Authority officials offered little explanation for the discrepancy, telling reporters that the initial number was an estimate based on their information at the time. The aerial survey was done on Tuesday, but the results were not released until Thursday. Calls to an Authority spokesman on Friday morning were not immediately returned.

Residents were stunned by the new numbers. “That’s scary to know that they can be off by that much,” said Angela Spurgeon, whose yard is swamped with ash. “I don’t think it was intentional, but it upsets me to know that a number was given of what the pond could hold, and the number now is more than double of what the pond actually held.”

Gilbert Francis Jr., a spokesman for the Authority, said Wednesday that the pond had not exceeded its allowable capacity.

Look, the dam burst. That is a fact.

Thus, it seems that the pond had exceeded the its allowable capacity according to the laws of physics. Now maybe there is a piece of paper somewhere that says that the dam could hold more. But if so, that piece of paper was wrong.

Given that their are lots more of these dams all around the pressing question is why was that piece of paper wrong?

In this case though, I suspect that someone is lying. The clip below seems to suggest that they knew there where problems with the dam.

Unanticipated Problems From Environmental Regulations

From Enertech Labs…..

The Ultra-Low Sulfur Diesel (ULSD (S-15)) that we started to receive in mid 2006 has shown some dramatically different cold weather characteristics from the earlier High Sulfur (HSD (S-5000)) and Low Sulfur Fuels (LSD (S-500)).

These new characteristics including higher temperature gelling, wax dropout, icing, and difficulty in treating have in the first year and will continue into the foreseeable future to provide some significant challenges to distributors and end users during cold weather.

Due to these new characteristics users in areas of the US where they have not seen cold weather problems in the past, are now and will continue to see serious issues with gelling, wax dropout, and icing.

This is not the end of the world. But I have heard of reports of this causing problems for school buses and the like. Mostly out in western states.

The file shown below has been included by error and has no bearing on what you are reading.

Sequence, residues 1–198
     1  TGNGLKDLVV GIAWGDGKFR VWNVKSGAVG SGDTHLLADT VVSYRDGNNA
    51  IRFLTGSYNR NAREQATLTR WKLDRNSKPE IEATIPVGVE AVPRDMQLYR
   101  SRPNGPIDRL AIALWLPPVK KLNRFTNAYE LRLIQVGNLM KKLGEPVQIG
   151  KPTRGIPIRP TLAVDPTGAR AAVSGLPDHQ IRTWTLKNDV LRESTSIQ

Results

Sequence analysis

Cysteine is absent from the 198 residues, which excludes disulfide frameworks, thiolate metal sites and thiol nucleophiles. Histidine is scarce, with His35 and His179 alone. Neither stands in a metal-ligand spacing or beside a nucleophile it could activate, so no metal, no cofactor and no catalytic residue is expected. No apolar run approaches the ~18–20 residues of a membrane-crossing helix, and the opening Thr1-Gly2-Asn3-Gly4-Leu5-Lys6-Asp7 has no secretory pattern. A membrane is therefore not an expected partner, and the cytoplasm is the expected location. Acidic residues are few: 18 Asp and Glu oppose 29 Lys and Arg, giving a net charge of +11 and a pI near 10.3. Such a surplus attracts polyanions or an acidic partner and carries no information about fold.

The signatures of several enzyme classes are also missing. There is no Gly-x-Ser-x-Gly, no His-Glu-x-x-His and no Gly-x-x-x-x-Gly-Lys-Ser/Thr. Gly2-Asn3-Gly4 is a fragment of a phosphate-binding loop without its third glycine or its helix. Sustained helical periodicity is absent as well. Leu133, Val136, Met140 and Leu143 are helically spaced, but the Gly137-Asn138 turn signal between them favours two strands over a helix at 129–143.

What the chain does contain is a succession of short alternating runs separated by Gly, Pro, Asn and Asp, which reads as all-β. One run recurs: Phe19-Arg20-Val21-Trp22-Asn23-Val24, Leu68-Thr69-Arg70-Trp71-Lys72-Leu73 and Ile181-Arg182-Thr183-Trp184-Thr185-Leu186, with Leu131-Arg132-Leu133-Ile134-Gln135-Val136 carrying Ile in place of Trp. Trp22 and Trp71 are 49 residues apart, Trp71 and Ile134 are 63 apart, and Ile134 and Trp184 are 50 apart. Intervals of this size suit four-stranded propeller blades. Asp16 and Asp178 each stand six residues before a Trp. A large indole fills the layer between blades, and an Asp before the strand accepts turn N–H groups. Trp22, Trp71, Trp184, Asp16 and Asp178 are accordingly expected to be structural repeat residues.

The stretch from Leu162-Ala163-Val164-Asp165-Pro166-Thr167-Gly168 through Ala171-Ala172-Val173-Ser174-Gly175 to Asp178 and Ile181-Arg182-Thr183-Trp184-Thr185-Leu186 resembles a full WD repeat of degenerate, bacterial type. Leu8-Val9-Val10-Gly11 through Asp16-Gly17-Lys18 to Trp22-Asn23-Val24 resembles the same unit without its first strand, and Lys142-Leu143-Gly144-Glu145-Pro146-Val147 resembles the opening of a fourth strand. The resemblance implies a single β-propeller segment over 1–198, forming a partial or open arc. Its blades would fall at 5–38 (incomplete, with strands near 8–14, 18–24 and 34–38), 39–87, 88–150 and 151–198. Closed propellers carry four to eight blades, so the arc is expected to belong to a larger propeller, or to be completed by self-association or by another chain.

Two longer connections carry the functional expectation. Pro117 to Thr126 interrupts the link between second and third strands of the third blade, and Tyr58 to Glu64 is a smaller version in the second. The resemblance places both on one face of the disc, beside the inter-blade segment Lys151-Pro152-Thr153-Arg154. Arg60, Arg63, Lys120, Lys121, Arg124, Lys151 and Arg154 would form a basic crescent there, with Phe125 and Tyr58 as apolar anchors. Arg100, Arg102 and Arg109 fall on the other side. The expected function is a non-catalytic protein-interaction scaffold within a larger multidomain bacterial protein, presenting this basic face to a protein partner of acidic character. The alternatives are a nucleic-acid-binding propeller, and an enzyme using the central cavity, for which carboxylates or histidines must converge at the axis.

The Daily Beast……

Here’s the really bad news: the full impact of the financial crisis in New York has yet to be felt.

The dirty secret of Empire State budgeting is that New York City depends disproportionately on Wall Street for its budget and New York State depends on New York City.

In the last four months, the financial landscape has changed dramatically. Investment banks that have been the engine of the city’s tax revenue for decades have disappeared entirely or morphed into restricted new entities. According to E.J. McMahon, my colleague at the Manhattan Institute, between 1980 and 2007 the securities industry’s share of wages in the state rocketed from 3 percent to 18 percent, with the average Wall Street salary and bonus rising to $379,000. Wall Street revenues made up 20 percent of the state’s budget. So the 40,000 local jobs lost in the financial sector are only the beginning. We’re not facing a cyclical downturn; we’re facing a fundamental alteration of the facts of financial life in New York. And the 20 percent unemployment in some upstate counties will not help ease the squeeze.

This author puts most of the blame on the Public Unions. And to be sure, they deserve their share of the blame. But a large part of New York’s problems are demographic. New York has a rapidly aging population upstate. Few young people stick around. This problem was always going to kill the state regardless of public pensions. They just make the problem worse.